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The digital alterations behind an insect field-guide photo

The views expressed are those of the author and are not necessarily those of Scientific American.

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Microdaceton, a miniature trap-jaw ant (Kibale Forest, Uganda).

I’d love to claim that images spring forth from my camera fully-formed & beautiful, surpassing any need for downstream correction. Alas, no. Even my best shots are improved with a little tweaking. In this post I explain how I crunch a raw capture to produce a field-guide type photograph.

For brevity I will leave aside the details of the original exposure*. During the session I snapped 15 takes of the ant, deleted the worst on-camera, and imported the following files to Adobe Lightroom:

The camera raw files: which image to choose? I went with the highlighted one at center-left.

A closer look at the original capture.

After selecting an acceptable image on the basis of focus and aesthetics, I noted the following problems:

  1. The ant is too far off-center to the left, a hazard of a moving subject.
  2. The magnification is not strong enough, leaving too much white space for too little ant.
  3. The whites are too gray.
  4. The substrate has distracting dirt specks.

Still in Lightroom, I performed the following adjustments to correct problems 1-3:

I adjusted the levels to bring the background to full white (= histogram values go all the way to the right), pull the darks down to full black (=histogram values go all the way to the left), and made a few minor corrections to render the background as color-neutral as it was in life.

Lightroom is a powerful program, but for those without it, similar manipulations can also be done in Photoshop, Photoshop Elements, and other common imaging software.

After cropping out the unused right portion of the image to bring more ant into the image, I dealt with problem #4- the dirt- by exporting this levels-adjusted file to Adobe Photoshop:

Out of Lightroom and ready for Photoshop.

Why Photoshop? I prefer it to Lightroom for the nitty-gritty of dealing with little imperfections like sensor dust and substrate dirt. Lightroom can remove  spots as well, but Photoshop gives more control.

I do a search-and-destroy mission for dirt using Photoshop's clone tool.

With spots removed I’m ready to make the final adjustments. Captures from the Canon MP-E macro lens are naturally soft, so I used photoshop’s “unsharp mask” to bring crispness to the image.

The final Photoshop manipulation corrects for the softness resulting from the MP-E lens's excessive native diffraction.

The whole process takes about 5 minutes, with another few minutes devoted to keywording the metadata. This miniature trap-jaw ant is now ready for my commercial galleries, my facebook page, and my Google + stream!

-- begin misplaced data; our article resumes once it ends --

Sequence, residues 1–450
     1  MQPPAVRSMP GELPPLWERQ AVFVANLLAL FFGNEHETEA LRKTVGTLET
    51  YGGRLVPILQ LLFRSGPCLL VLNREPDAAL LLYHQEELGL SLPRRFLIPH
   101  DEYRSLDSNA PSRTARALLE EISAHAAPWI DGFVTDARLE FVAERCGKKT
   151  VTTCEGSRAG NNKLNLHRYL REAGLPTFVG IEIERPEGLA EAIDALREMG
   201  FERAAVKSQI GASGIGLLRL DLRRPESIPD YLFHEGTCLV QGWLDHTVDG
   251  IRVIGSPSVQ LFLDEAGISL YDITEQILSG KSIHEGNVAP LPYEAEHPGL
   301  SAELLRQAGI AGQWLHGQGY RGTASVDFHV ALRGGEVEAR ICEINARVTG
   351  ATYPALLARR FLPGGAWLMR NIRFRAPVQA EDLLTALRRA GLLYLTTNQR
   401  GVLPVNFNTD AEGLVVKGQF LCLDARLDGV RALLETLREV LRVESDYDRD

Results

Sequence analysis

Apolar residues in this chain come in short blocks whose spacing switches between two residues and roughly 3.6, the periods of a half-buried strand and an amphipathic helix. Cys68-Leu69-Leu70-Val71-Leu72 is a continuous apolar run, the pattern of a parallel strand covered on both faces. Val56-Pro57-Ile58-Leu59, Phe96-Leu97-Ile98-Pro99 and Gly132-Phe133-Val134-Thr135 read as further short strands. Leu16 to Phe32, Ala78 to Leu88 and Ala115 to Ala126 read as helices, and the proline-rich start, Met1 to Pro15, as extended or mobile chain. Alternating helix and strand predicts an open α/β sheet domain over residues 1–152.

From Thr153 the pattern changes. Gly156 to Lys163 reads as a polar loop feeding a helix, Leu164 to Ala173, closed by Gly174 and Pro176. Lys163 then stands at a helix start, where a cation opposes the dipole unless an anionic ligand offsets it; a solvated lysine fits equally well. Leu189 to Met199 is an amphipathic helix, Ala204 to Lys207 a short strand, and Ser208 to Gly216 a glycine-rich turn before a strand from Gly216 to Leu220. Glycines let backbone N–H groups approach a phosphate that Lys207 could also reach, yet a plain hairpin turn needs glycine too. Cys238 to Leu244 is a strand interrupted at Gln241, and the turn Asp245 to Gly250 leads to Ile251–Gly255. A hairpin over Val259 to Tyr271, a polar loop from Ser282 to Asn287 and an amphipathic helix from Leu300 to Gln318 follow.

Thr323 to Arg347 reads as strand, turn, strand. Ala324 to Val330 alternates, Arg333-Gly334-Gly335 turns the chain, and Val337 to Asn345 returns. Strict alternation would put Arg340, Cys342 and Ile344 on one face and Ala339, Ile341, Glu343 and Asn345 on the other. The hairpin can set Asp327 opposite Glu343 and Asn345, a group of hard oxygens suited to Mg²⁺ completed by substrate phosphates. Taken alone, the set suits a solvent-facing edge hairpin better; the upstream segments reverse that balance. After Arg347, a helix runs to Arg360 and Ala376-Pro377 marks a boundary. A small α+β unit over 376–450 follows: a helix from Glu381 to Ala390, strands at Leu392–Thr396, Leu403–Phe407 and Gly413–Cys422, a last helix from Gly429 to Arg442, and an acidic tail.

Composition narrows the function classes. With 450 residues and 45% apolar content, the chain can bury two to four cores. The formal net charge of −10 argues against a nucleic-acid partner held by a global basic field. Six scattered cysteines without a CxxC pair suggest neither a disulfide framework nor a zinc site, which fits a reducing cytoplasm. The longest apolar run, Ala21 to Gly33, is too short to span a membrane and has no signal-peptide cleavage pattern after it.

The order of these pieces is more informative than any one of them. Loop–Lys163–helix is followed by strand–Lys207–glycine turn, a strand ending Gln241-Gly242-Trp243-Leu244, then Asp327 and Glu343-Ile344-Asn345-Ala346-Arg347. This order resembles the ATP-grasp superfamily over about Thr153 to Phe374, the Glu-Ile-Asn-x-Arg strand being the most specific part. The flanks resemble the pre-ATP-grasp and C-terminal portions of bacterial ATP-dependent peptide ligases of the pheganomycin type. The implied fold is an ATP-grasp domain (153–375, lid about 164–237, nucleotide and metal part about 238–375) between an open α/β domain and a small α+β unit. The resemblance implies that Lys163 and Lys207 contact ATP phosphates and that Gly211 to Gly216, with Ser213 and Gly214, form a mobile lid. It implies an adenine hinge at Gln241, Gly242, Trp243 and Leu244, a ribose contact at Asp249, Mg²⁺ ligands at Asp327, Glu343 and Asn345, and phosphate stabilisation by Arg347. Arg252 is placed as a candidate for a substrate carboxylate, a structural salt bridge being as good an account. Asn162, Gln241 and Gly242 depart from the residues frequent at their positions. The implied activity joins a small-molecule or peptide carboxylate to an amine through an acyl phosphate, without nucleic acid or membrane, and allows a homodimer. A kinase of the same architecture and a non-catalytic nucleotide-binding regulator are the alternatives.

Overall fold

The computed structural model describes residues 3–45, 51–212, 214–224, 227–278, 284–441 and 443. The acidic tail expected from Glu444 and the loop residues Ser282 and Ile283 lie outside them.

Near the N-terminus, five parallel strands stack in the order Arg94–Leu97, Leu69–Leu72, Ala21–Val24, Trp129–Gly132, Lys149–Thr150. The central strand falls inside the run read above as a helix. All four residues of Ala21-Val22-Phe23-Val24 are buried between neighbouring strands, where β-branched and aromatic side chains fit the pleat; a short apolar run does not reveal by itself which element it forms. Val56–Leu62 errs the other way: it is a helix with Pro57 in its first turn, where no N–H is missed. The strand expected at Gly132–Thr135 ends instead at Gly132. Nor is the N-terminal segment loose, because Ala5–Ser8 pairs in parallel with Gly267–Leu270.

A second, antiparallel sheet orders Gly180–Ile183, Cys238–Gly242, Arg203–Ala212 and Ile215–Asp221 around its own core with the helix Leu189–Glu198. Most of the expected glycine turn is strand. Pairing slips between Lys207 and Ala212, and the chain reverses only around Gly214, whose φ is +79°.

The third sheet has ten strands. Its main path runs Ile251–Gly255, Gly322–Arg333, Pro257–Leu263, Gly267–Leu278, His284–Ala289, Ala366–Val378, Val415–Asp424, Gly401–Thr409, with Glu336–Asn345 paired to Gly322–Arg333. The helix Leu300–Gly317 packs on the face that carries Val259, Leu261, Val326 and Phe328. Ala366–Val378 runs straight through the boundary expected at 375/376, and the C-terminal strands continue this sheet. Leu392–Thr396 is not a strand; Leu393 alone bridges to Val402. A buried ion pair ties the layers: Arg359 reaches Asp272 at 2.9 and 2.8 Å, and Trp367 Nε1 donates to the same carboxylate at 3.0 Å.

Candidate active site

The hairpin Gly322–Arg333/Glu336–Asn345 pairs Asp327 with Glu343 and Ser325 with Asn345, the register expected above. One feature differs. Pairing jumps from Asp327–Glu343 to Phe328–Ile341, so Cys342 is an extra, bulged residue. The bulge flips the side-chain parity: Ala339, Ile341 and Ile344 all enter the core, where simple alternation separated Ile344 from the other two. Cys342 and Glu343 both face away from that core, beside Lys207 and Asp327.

The final product has more bite than the original!

*If you must know: Canon 7D dSLR with an MP-E 65mm 1-5x macro lens at 4x, lit with diffuse twin flash, the ant walking about on white plastic.

[h/t to Ted MacRae, whose recent Tiger Beetle post inspired this article]

Alex Wild About the Author: Alex Wild is Curator of Entomology at the University of Texas at Austin, where he studies the evolutionary history of ants. In 2003 he founded a photography business as an aesthetic complement to his scientific work, and his natural history photographs appear in numerous museums, books and media outlets. Follow on Twitter @myrmecos.

The views expressed are those of the author and are not necessarily those of Scientific American.

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  1. 1. tcmacrae 2:20 pm 10/24/2012

    Including screen shots of the Lightroom dialog box before and after makes this post so much more informative than mine with its rambling prose, and your starting photo, despite its problems, is definitely not ‘crappy’! :)

    Question: did you apply Unsharp Mask before or after resizing, and what pixel and level values did you use with the 170% amount? I’m thinking I might still be going a little too soft-handed with USM on my photos.

    Link to this
  2. 2. TheHymenopteran 5:55 pm 10/24/2012

    Exactly the sort of informative postprocessing post that I want to read Alex. Thank you for these sorts of lessons, they are much appreciated. The final product does indeed have much more bite, excellent.

    Link to this
  3. 3. Alex Wild in reply to Alex Wild 10:10 pm 10/24/2012

    Thanks for the commentary, guys!

    Ted- we’re not ever supposed to sharpen at greater than a radius of 1 pixel, but the MP-E’s diffraction is so severe that anywhere more than 2x I usually sharpen at about 2 pixels. Threshold of 5-10 or so.

    Link to this
  4. 4. tcmacrae 11:49 am 10/25/2012

    Okay, those values are about what I’m using – thanks!

    Link to this

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